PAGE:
The Beautiful Sun

Beautiful Sun! with thy golden rays,
To God, the wise Creator, be all praise;
For thou nourisheth all the creation,
Wherever there is found to be animation.

Without thy heat we could not live,
Then praise to God we ought to give;
For thou makest the fruits and provisions to grow,
To nourish all creatures on earth below.

Thou makest the hearts of the old feel glad,
Likewise the young child and the lad,
And the face of Nature to look green and gay,
And the little children to sport and play.

Thou also givest light unto the Moon,
Which certainly is a very great boon
To all God’s creatures here below,
Throughout the world where’er they go.

How beautiful thou look’st on a summer morn,
When thou sheddest thy effulgence among the yellow corn,
Also upon lake, and river, and the mountain tops,
Whilst thou leavest behind the most lovely dewdrops!

How beautiful thou seem’st in the firmament above,
As I gaze upon thee, my heart fills with love
To God, the great Creator, Who has placed thee there,
Who watches all His creatures with an eye of care!

Thou makest the birds to sing on the tree,
Also by meadow, mountain, and lea;
And the lark high poised up in air,
Carolling its little song with its heart free from care.

Thou makest the heart of the shepherd feel gay
As he watches the little lambkins at their innocent play;
While he tends them on the hillside all day,
Taking care that none of them shall go astray.

Thou cheerest the weary traveller while on his way
During the livelong summer day,
As he admires the beautiful scenery while passing along,
And singing to himself a stave of a song.

Thou cheerest the tourist while amongst the Highland hills,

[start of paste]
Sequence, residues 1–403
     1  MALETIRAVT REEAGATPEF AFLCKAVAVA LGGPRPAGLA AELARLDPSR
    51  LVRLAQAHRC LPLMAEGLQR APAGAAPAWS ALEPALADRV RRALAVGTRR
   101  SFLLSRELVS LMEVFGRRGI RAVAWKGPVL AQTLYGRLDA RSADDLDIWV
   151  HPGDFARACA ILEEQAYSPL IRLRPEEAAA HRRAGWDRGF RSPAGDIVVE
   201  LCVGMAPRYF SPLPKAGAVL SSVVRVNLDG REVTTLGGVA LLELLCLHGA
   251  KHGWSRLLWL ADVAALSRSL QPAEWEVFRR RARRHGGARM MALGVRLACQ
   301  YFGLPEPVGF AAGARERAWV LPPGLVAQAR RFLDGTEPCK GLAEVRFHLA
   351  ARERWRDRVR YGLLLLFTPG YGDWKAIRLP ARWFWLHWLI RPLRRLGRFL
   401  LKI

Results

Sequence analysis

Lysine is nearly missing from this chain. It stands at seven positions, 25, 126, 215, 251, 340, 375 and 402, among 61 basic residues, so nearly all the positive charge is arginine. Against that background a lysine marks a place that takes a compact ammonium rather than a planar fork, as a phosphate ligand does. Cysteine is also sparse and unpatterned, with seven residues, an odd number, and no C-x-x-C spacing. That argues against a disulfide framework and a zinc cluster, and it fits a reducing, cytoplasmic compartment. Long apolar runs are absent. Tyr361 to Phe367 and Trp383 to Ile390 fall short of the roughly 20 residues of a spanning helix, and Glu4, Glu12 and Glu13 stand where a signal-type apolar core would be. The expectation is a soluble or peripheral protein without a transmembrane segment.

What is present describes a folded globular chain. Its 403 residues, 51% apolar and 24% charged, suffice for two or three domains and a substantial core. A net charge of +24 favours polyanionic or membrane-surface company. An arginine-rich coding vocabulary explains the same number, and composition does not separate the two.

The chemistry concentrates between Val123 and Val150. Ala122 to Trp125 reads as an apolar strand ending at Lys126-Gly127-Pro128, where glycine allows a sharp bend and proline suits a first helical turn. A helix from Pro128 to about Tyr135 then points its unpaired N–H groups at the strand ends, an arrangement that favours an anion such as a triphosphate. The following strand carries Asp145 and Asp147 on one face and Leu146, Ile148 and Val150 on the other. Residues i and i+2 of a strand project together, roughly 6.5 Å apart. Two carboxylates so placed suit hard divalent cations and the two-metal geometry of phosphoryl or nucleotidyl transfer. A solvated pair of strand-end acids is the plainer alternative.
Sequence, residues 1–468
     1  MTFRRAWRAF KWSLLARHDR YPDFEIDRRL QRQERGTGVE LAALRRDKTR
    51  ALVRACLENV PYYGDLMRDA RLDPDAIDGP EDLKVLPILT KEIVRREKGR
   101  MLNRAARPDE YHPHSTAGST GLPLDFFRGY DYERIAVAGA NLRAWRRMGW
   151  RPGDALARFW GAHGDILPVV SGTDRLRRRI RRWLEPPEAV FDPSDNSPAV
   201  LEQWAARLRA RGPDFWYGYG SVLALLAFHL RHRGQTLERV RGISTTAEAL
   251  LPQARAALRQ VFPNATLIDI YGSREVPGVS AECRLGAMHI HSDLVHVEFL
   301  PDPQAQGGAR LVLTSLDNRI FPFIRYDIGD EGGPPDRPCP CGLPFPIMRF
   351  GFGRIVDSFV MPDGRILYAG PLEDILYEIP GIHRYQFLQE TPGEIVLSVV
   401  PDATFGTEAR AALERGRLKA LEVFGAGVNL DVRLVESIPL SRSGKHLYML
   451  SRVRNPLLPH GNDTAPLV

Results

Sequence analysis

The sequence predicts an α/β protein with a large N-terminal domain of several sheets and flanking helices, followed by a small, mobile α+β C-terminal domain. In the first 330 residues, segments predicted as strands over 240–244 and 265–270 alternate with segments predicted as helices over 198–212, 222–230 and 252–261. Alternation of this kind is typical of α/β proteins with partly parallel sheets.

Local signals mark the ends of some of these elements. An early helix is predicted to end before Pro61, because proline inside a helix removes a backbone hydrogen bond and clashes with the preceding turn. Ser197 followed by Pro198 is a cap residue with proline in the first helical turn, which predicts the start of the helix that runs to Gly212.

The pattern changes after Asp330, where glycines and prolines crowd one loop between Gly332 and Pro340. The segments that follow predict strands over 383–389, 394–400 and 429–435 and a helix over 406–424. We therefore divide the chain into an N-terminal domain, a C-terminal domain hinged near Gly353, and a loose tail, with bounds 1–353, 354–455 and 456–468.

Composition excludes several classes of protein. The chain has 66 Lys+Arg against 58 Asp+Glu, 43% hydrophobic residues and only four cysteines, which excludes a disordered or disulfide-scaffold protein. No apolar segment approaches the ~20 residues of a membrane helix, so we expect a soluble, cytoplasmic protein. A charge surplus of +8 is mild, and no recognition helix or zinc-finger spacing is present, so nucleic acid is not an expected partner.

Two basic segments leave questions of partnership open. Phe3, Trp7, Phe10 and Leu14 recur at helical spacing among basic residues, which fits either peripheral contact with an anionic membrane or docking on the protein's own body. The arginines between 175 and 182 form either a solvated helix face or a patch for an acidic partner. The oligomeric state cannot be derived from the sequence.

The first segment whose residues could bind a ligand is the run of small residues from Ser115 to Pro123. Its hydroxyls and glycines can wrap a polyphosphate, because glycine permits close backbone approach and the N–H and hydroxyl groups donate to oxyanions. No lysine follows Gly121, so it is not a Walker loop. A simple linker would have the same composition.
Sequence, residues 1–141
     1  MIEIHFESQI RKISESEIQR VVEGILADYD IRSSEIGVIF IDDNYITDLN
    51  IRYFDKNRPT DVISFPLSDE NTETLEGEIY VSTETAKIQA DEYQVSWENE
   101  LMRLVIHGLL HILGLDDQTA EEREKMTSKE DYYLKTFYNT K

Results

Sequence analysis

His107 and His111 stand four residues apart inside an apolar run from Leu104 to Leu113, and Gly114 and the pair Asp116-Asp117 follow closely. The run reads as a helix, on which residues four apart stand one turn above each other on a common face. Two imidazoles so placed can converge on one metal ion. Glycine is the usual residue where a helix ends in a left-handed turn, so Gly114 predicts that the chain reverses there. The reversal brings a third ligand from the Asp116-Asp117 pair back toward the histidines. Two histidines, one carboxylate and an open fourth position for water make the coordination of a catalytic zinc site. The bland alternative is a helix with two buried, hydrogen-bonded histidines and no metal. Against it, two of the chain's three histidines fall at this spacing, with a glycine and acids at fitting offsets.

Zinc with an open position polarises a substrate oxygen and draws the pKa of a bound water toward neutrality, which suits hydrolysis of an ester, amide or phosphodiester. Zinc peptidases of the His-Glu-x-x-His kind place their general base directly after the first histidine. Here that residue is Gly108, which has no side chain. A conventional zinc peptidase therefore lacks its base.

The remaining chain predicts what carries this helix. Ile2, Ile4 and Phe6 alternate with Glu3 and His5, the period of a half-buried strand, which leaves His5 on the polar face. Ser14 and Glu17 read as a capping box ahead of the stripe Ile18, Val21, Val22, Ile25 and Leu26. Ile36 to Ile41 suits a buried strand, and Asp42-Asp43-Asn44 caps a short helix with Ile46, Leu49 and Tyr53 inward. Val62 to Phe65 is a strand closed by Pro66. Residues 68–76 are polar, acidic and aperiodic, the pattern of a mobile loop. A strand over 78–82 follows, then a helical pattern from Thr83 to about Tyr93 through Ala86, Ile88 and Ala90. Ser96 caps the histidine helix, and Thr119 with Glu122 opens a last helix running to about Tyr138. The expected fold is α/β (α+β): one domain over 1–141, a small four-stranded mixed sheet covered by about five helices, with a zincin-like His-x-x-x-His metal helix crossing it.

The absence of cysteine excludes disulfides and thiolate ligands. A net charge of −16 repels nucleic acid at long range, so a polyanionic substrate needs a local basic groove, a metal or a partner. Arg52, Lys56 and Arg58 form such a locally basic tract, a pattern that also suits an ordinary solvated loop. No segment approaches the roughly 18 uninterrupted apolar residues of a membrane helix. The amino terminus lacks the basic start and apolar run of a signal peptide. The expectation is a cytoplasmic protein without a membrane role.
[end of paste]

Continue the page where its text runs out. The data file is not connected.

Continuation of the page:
As he views their beautiful sparkling rills
Glittering like diamonds by the golden rays,
While the hills seem to offer up to God their praise.

While the bee from flower to flower does roam
To gather honey, and carry it home;
While it hums its little song in the beautiful sunshine,
And seemingly to thank the Creator divine —

For the honey it hath gathered during the day,
In the merry month of May,
When the flowers are in full bloom,
Also the sweet honeysuckle and the broom.

How beautiful thy appearance while setting in the west,
Whilst encircled with red and azure, ’tis then thou look’st best!
Then let us all thank God for thy golden light
In our prayers every morning and night!

Wikipedia Article

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Comments (1) »

  1. In the year 2018, on the 13th day of March at 11:15 pm

    I find this one something of a departure from McGonegall’s usual. The scan, of course, is his usual (meaning almost nonexistent), the rhymes also (either tite or strained), and the sentiment as… sentimental.

    But the subject is a bit of an anomaly, in that for once it’s neither an ode to a work of )such as a city, bridge, or tower), a news incident (which may well hold more detail than most articles of the time), a scenic view, or Her Majesty Victoria Regina (his favorite subject by far).

    No, in this case, it is a celestial object, and one that is touched upon by other poets. This is in contrast to most of McGonegall’s works, since he tends to wax most eloquent on subjects that the more… notable? Yes, notable poets would rarely choose.
    I find myself reading this and feeling somewhat unsatisfied.

    The Sun? Pah. Tennyson could do the Sun. Burns could as well, or Shelley. But where are the ship-wrecks? Where are the collapsing bridges, or the latest random appearance of Her Majesty? Where is the improbable insight that apparently let him know the phobias and hopes of the man caught underground due to the latest structural failing?

    I read this, at any moment expecting the Celestial Orb to suddenly crash into a Dundee tobacconist’s shop, for that McGonegall touch, or perhaps for the Queen to peek over the edge and wave. But no, it merely hangs there in the sky, doing good things like any poet could enumerate, and do.

    By the standards of his usual works, this is rather mundane. Perhaps it was off day, or such. It is certainly McGonegall, but not his best.

    He is ever better writing about the Tay, than about Phoebus’ chariot.

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